The Nigeria Customs Service (NCS) has reproached the National Association of Government Approved Freight Forwarder (NAGAFF) over its claims to possession of evidence on corrupt practices of certain serving customs officers and consequent planned public hearing.
This was contained in a letter signed by the Ag. Assistant Comptroller General of Customs Sanusi A. U. for the Comptroller General of Customs (CGC) Hameed Ali and addressed to the President of the National Association of Government Approved Freight Forwarders (NAGAFF), Chief Eugene Nweke. He stated that officers of Customs are subject to the authority of the Federal Government and not to a private association and therefore, the prerogative of the government to carry out such hearing on any officer.
Sanusi further said, “In view of the change mantra and zero tolerance for corruption by the CG and his repeated resolve to deal decisively with any officer found to have compromised the trust reposed in him while discharging his duties, in the spirit of collaboration the CG requests to be furnished through my office with all the facts available to NAGAFF that indicates indiscretions of all the officers the association has discovered to be corrupt.”
Responding to the letter, NAGAFF pointed out that the emergence of a non technical officer on Customs related matters as CG of Customs, in a democracy, is hinged on the belief that Ali will help to stem the tide of corruption in the ports.
Describing the tone of letter as intimidating and coercive, NAGAFF expressed suspicion that the letter may be serving the purpose of shielding DC Saidu and Zarma from the alleged accusation of corrupt practices by freight agents and cited the omission of the names of Deputy Comptroller Aliu Saidu and Asst. Comptroller Zarma from the said letter as a major reason for suspecting that the letter was not representing the mindset of the CGC.
NAGAFF further questioned the intent of the signatory to the letter in asking that facts and evidence in its possession be forwarded through his office to the CGC. “This to us runs contrary to the normal procedure for sending information to the heads of public government agencies in accordance with civil/public service mode of communication.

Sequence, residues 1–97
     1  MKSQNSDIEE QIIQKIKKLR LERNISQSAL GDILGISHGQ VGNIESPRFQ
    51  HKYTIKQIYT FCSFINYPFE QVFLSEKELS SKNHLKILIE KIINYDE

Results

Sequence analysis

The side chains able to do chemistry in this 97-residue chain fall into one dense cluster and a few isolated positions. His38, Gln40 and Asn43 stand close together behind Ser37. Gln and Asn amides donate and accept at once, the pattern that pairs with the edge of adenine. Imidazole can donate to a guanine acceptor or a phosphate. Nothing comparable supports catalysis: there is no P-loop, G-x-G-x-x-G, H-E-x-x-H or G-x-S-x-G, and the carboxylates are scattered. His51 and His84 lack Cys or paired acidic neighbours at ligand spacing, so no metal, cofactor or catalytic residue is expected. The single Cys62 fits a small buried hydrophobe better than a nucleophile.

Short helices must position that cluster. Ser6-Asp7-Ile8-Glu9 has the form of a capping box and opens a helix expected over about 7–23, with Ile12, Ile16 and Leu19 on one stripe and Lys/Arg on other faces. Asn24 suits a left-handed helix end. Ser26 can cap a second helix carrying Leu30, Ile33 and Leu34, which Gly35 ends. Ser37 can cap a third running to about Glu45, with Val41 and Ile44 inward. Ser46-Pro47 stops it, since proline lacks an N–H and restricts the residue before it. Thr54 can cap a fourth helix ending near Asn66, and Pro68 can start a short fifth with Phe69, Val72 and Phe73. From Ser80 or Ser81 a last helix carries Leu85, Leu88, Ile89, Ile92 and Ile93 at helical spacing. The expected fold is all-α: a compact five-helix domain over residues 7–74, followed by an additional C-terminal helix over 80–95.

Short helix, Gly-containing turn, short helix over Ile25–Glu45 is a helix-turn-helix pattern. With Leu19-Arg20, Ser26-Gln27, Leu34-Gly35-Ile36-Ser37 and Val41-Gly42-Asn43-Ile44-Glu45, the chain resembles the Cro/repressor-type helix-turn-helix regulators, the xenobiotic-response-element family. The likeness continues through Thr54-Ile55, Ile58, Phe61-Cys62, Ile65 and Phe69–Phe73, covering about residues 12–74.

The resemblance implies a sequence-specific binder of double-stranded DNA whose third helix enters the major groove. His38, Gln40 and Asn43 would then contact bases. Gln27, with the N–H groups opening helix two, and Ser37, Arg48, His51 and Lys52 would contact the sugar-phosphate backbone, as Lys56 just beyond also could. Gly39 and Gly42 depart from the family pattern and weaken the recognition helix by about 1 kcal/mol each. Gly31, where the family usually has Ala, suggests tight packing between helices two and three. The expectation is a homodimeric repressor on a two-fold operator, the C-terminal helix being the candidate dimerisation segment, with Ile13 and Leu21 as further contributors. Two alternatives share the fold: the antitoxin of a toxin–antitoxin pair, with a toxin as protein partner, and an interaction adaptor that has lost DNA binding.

“This kind of letter of enquiry is expected to emanate from the Anti-Corruption Unit of the Nigeria Customs Service and/or the Investigation Unit of the Service rather than ACG Headquarters Office which is administrative.” NAGAFF said.
NAGAFF explained that the use of the word public hearing is not to indicate that it has the powers to compel any government agent or agents to appear before it. “The context in which we used public hearing was because of incessant complaints from our members, which led to the decision to invite all of them. The agents of the government were advised to come on their own volition, to ensure fair hearing. We do have the powers to invite our members to hear their complaints over a particular person or persons.”
NAGAFF further expressed disappointment that letters from the Customs which should spur the conclusion of the public hearing report for use by appropriate government authorities including ICPC, was capable of dampening the morale and enthusiasm of any Nigerian or body with the intention of supporting the CGC’s mandate.
The group appealed to the CGC to take note of the following facts, “Corruption in the ports is on the increase. Areas of concern should include but are not limited to the non compliant attitude at the trader’s zone, improper Customs examination, frivolous value assessment questions, the inherent abuse of the T&T Headquarters and local alerts of the ASYCUDA Project Managers. Others are stoppage of released and exited containers at the Exit Gate, inherent abuse in the licensing and operations of customs licenses, lack of transparency in revenue assessment matters and so many other vices that encourage corrupt practices.”
Meanwhile, the National President of the Association of Nigerian Licensed Customs Agents (ANLCA), Mr. Olayiwola Shittu has accused NAGAFF of seeking unnecessary attention after it chickened out of its proposed public hearing where names of customs officials were publicly mentioned.
According to him, “The group mentioned names of corrupt customs officers publicly but failed to follow it up with necessary action due to some external pressure. If indeed they have proof as they claim and if their intentions were right from the beginning, they ought not to have made a turn-around at the last minute with the claim that they have been pleaded with to drop the matter, because I think that their action or inaction is a setback for this noble profession.”
By Ifeoma Oguamanam